In 2045, abut 30 years from now, we will have a total old-age + young-age dependency ratio of about the 70%: 24% young-age dependency added to about 45% old-age dependency . In 2060 it will be a little less then 80%.  It means that in 2045 in Europe a little more then 50% of the overall population will work in order to maintain the remaining half of the population.

In 2060, there will be 1,2 working-age person for each dependent person.

So far so good, we all probably knew that there was a Demographic pyramid in the EU that is capsizing.

What is important also to know, is that if we compare such trends with Japan USA or Canada or Australia, there are significant differences, but the trend also in these countries/economies is the same. http://www.economist.com/node/13611235

The total old-age + young-age dependency ratio in the US in 2050 may be somewhere in the mid 60% range, but still the trend is the same.

China is a different story, because of its one-child policy, that will bring to a quadrupling of the number of old-age dependent people in the next 40 years. An explosive situation if not dealt with…

We learn from an important OECD paper, that social expenditure is roughly 30% of GDP in the OECD countries in 2009, with minor differences between Europe and USA: http://dx.doi.org/10.1787/220615515052
http://www.oecd-ilibrary.org/social-issues-migration-health/how-expensive-is-the-welfare-state_220615515052
.

Now we also know from the OECD 2012 Tax Policy Analysis Revenue Statistics, that in 2011, the average taxation (on personal income, company income, capital gains, social security and consumption taxation) in OECD countries has been of about 33,8% of GDP, with the lowest taxation in Chile (19,6%) and the highest in Denmark (47,6%): http://www.oecd.org/ctp/taxpolicyanalysis/table_a_eng.xls
http://www.oecd.org/ctp/taxpolicyanalysis/revenuestatistics2012edition.htm

In 2011 EU27 taxes on production and imports accounted for 33.3 % and current taxes on income, wealth, etc. 31.2 % of total tax revenue. The share of current taxes on income, wealth, etc. has decreased from 2007 onwards with no recovery in 2010. The share of social contributions increased noticeably from 2008 to 2009 but decreased slightly from 2009 to 2010 to stand at 35.1 % of total tax revenue. http://epp.eurostat.ec.europa.eu/statistics_explained/index.php/Tax_revenue_statistics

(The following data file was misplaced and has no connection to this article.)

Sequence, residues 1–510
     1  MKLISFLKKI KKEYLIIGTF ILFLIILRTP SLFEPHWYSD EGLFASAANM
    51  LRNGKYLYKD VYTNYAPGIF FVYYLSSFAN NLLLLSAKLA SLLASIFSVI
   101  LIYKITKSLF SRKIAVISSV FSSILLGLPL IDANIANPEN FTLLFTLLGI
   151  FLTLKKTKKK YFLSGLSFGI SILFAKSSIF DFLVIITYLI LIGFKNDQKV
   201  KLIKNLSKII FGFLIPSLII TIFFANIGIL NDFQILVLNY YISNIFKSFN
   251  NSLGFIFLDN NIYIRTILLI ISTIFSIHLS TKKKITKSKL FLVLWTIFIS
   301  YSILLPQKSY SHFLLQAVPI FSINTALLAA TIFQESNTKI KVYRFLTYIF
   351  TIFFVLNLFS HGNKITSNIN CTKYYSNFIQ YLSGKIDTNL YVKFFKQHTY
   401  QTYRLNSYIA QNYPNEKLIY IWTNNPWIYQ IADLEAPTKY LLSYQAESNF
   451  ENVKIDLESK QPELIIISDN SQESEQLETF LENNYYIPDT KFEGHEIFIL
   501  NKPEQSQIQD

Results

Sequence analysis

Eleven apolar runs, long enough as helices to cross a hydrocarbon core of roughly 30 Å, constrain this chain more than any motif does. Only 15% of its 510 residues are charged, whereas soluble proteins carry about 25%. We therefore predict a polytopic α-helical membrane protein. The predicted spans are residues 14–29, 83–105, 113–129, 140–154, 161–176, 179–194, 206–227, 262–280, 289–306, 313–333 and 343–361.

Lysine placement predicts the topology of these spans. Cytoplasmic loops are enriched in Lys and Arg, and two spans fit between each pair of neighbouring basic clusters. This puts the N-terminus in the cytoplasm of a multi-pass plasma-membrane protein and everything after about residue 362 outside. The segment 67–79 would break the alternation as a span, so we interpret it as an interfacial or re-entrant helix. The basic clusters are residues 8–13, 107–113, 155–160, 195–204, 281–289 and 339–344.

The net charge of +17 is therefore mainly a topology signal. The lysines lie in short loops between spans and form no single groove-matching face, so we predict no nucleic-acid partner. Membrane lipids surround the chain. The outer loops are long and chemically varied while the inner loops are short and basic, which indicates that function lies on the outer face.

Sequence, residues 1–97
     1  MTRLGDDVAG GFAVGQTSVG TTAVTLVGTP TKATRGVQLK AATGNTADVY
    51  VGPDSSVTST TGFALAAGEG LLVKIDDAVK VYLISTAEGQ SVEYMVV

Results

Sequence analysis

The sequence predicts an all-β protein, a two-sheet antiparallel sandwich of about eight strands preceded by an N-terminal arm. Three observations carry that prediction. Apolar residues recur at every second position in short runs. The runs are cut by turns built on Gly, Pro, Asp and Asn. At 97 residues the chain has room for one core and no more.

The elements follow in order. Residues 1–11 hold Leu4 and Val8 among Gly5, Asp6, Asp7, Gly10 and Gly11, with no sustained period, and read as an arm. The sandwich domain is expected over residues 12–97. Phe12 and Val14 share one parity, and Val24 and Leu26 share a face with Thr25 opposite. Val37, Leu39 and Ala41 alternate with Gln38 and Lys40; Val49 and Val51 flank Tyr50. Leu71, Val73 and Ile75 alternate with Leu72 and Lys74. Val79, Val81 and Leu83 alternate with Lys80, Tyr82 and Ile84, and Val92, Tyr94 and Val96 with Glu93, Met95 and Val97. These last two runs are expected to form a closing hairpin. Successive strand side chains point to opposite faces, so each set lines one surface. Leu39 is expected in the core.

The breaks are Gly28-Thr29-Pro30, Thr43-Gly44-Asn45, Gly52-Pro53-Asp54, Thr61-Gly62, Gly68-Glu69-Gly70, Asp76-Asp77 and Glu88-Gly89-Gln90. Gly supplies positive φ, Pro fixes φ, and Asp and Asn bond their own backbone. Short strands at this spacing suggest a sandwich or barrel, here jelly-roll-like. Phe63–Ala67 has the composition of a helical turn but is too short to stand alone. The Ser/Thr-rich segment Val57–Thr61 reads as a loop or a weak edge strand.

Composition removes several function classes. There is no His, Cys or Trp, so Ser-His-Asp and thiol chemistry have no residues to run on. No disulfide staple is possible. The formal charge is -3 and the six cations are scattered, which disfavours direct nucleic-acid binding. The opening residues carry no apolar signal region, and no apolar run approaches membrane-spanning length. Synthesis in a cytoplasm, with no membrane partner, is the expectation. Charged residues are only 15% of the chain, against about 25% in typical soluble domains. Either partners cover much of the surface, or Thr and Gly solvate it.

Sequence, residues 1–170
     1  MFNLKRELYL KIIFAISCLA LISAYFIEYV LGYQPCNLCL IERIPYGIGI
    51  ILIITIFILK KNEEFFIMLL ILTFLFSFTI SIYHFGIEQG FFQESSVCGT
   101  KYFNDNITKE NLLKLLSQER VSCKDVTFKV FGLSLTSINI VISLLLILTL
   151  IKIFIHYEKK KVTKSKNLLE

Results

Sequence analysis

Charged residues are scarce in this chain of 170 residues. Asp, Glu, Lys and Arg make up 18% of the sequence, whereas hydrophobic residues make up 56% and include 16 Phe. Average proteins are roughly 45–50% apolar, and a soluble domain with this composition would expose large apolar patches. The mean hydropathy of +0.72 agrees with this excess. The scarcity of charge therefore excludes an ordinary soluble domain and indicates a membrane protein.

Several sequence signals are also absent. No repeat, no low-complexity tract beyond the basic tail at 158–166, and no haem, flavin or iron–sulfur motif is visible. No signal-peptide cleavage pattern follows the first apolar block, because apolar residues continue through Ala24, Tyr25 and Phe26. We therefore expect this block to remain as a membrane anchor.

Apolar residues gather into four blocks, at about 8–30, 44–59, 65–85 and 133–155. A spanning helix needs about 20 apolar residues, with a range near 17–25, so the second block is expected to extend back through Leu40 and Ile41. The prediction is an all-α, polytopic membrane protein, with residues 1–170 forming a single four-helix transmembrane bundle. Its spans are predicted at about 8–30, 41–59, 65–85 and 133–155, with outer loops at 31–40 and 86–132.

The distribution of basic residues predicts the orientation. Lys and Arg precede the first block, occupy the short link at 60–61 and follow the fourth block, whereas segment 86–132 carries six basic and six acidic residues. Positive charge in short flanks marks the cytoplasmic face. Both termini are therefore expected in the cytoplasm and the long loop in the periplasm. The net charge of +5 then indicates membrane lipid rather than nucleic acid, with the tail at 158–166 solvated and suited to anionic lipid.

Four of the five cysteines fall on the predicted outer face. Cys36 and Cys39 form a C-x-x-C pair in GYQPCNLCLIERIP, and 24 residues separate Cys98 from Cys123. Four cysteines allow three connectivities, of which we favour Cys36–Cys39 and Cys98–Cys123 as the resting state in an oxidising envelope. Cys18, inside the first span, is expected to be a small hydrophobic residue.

Simplifying the EU27 tax revenues can be divided as follows:
–        about 1/3 from VAT and similar taxes, like import tolls
–        about 1/3 from income (personal and enterprise)
–        about 1/3 social security contributions.

All this considered, we understand that social expenditure is the vast majority of public expenditure in OECD. In fact the percentage of social expenditure and the percentage of taxation are almost equal, if put on relation with GDP.

In every country the relation between taxes and social security contribution is designed in a peculiar way, so that we cannot make the statement that almost all taxes and social contributions end into the welfare system.

But looking to single OECD economies, like Germany, Italy, France, USA, we can see that social expenditure is the absolute majority of public spending (i.e. more then 50%) topping in some cases (Germany, Italy, France) more then 60% of total public expenditure.

Germany has a 2011 GDP of 3.479 billion and tax revenues of about 1.250 billion, calculated in US Dollars. Social expenditure in 2009 was about € 745 billion (a little less then 1 trillion USD). http://www.tagesspiegel.de/politik/deutschland/sozialbericht-2009-sozialausgaben-steigen-um-33-milliarden-euro/1558648.html
Four fifths of German public expenditure is social !

In Italy the social state is less generous: only two thirds of public expenditure are devoted to social expenditure. http://www.cliclavoro.gov.it/SondaggiStatistiche/Documents/NotaspesasocialeinItalia.pdf

What do we learn from these statistics?

Well, first that there is no such difference anymore between Europe and USA, when it comes down to social expenditure.

Secondly, we learn that it will be impossible to increase total taxation in order to cover in the next 50 years the dramatic increase of the dependency ratio. Either productivity will double (and with it income and GDP), or there will be the need to increase taxation (for the part not covered by productivity increase).